I hope my tips can help women in business who like me, have a long medical history, but work just as hard as the rest of them. I don’t think any medical condition is an excuse not to achieve your goals, but it pays to be practical because of them.

Charlotte Caruso

Charlotte is the Founder and CEO of PuggleFM. She is highly motivated and wants nothing more than to create or be involved with positive change.  Her goal is to offer a new breed of media alternatives. Media with useful information, integrity, and substance over sensationalism – and aspires to have PuggleFM fully developed by the end of 2013 and branch into other streams of “mummy media”. Charlotte is also married to her wonderful husband Matthew, and has two daughters, Annabelle (five) and Bianca (three).

Top image credit: bluewinx15(BACK)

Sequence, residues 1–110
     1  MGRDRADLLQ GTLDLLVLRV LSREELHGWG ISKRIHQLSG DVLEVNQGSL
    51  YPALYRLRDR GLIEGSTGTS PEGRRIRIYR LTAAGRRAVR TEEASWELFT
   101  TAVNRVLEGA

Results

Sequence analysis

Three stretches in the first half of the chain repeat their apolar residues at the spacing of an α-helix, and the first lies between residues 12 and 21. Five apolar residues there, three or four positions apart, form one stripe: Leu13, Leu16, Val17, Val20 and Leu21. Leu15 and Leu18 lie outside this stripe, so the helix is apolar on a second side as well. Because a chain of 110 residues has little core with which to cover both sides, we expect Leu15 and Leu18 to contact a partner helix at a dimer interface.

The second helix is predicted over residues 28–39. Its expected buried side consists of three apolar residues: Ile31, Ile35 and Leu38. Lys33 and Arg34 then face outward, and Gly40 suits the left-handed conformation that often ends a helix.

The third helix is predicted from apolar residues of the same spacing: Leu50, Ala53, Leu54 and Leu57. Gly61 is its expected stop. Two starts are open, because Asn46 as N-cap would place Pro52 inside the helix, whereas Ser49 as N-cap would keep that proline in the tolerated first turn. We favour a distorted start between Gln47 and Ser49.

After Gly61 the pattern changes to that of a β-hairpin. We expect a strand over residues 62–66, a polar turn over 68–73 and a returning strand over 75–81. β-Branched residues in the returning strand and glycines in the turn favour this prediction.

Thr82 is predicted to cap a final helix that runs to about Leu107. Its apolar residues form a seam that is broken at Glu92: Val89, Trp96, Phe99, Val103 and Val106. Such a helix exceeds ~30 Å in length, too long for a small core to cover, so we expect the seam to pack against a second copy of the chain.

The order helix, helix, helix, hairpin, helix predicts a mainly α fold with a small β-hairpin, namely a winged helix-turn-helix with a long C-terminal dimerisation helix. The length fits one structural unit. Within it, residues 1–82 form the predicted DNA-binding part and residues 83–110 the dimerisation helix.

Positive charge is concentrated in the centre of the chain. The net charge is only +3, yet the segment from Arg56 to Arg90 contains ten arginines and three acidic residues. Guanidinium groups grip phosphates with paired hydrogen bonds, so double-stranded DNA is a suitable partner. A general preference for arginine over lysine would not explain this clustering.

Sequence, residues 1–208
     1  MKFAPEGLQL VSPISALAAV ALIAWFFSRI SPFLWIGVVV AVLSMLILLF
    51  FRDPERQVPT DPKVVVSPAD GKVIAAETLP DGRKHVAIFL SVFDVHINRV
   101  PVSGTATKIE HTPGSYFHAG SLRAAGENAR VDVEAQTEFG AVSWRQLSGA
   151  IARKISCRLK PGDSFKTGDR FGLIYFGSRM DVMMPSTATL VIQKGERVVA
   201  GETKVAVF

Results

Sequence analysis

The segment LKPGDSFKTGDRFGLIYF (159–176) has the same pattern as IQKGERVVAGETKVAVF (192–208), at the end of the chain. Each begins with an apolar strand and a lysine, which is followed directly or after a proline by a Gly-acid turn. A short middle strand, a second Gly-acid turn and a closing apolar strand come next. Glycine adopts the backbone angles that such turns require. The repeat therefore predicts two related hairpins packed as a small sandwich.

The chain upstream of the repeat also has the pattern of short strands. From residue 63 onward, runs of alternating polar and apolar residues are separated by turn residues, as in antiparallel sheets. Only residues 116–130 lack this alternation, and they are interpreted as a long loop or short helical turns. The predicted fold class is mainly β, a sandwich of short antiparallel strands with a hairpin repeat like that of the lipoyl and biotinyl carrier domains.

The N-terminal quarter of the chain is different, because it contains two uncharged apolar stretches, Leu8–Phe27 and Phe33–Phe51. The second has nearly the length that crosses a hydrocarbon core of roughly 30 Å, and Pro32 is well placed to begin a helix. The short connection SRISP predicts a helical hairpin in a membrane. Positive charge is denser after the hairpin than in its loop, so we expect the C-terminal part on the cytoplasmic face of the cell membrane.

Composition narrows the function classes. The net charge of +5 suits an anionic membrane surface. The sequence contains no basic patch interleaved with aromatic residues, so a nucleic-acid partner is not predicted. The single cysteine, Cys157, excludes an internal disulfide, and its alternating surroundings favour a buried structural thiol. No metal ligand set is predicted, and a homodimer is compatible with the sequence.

Charlie Caruso
Charlie Caruso is the Editor and Co-Author of Understanding Y, a book she produced alongside 15 leading inter-generational commentators that reveals the secrets of how to engage, attract and communicate with Gen Y. Charlie is also the Founder of PuggleFM, an award-winning online radio station and podcast portal for parents and families
 
How to stay sane when working from home
Advertise | Contact us | Visit our sister site KasiaGospos.com

6 LEADERSHIP TRAITS OF SUCCESSFUL FEMALE LEADERS

Discover our most popular content.

You have Successfully Subscribed!

JOIN A COMMUNITY OF 50,000+ LEADERS IN HEELS!

+ receive our Leadership Checklist to find out which of the 6 leadership traits you need to develop to become a Leader!

You have Successfully Subscribed!